On Ilkla Moor Bah t’at 

26 October 2015 tbs.pm/1691

YORKSHIRE TELEVISION

Notional Date: April 1969
Announcer: John Crosse
Music:
Yorkshire March (Ron Goodwin, arr Derek New)
Pirol (Hans Knerr)
Mail Carriage (Gerd Luft)

 

The Yorkshire opening routine devised in 1968 was the last of the old style march start-ups, though the piece itself was jaunty and dynamic, with a memorable melody. It became a local favourite, and was used for 14 years.

The theme was based on the traditional Northern folk song On Ilkla Moor Bah t’at but taking the theme at a fast pace provided a powerful march, full of confidence and presence.

Originally the Yorkshire ident was used only after the end of the piece, which did not utilise the final verse to best visual effect. Some weeks after the station opened, the point at which the tuning signal gave way to the company symbol was moved forward to the start of the final verse, creating a much more powerful effect and it is this variant that we present here. Oddly this was not used on every opening.

This period of black and white transmission, from July 1968 to November 1969, was the only time YTV used a moving form-up ident as part of their daily start-up routine; once colour arrived, a cut to a static caption at the start of the final verse became the norm. This is a pity as the effect created here, at the fade from Picasso card to moving ident, is very powerful. Note also the Picasso card with the company name on it: starting in July 1968, the region names on the card had been replaced by the company names – a month earlier and the card would’ve read “NORTH”.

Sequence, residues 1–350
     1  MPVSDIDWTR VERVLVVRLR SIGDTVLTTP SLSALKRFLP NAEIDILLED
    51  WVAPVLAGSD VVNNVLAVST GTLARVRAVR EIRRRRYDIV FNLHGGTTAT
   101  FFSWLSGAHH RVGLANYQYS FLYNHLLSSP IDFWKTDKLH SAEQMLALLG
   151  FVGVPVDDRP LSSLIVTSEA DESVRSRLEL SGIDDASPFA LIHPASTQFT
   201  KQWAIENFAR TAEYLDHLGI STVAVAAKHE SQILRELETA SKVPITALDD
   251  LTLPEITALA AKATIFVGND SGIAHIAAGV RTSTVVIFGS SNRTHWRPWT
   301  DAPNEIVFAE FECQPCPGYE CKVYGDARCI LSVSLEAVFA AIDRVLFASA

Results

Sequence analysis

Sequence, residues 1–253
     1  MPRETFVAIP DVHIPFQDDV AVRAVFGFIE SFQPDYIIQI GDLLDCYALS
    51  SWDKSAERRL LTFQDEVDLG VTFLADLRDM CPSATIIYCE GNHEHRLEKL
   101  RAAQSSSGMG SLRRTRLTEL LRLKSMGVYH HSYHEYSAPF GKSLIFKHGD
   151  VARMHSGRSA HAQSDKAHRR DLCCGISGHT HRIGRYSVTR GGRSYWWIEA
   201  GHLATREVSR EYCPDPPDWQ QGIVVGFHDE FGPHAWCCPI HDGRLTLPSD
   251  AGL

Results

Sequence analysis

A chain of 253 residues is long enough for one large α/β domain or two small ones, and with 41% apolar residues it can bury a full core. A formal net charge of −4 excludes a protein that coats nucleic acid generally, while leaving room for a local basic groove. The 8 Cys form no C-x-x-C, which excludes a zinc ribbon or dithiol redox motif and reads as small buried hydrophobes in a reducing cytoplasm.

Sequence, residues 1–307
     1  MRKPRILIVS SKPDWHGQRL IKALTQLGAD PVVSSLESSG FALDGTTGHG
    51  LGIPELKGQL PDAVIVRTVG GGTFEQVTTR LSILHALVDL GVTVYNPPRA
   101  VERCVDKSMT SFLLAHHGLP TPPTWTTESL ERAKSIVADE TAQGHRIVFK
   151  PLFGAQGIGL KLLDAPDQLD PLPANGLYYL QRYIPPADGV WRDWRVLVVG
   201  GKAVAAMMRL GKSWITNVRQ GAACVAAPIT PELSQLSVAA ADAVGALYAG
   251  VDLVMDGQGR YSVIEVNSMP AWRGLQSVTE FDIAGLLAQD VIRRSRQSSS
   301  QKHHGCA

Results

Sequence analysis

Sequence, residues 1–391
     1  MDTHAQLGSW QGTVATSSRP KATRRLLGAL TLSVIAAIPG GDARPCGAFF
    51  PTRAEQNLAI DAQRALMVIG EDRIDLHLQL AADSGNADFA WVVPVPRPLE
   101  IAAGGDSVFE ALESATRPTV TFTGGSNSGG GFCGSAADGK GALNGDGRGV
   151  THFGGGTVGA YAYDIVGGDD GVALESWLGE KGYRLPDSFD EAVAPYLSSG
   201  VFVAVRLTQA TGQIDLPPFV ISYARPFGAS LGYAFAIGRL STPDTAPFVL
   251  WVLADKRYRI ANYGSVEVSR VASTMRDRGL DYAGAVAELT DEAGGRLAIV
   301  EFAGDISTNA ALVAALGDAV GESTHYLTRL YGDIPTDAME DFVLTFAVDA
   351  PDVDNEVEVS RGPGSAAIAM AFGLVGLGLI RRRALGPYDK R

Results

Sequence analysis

Many redundant ABC Didsbury staff were recruited by Yorkshire TV, and known there as ‘the ABC Mafia’. They were involved in the planning of the first Yorkshire Television symbol and the visual similarity to the last ABC ident layout is evident. The opening sequence as a whole however, owes more to Rediffusion practice, as several redundant staff from their presentation department had moved up to Yorkshire, bringing the Rediffusion tradition of march and form-up with them. This had largely become a standard for most of Independent Television, except for ABC who had previously done their own thing for revelation of their start-up ident.

Morning closedowns after Yorkshire schools programmes used the last few lines of the march as a closing piece before reversion to test card. This was a common Rediffusion, ATV and Granada practice which Yorkshire Television carried on.

Although Yorkshire Television was the real new boy of the major companies of the time, they carried on many of the traditions of ITV presentation. The number of ex-Rediffusion staff they took on in the presentation department saw to that.

Yorkshire Television had a distinctly Rediffusion feel to its presentation and that flavour lasted for many years. Ironically, early Yorkshire Television presentation was as much a mixture of ABC and Rediffusion as Thames Television was – if not more so.


This article originally appeared in a slightly different form before 2000. It has been republished with the addition of the animated Yorkshire Television start-up recreation by Dave Jeffery.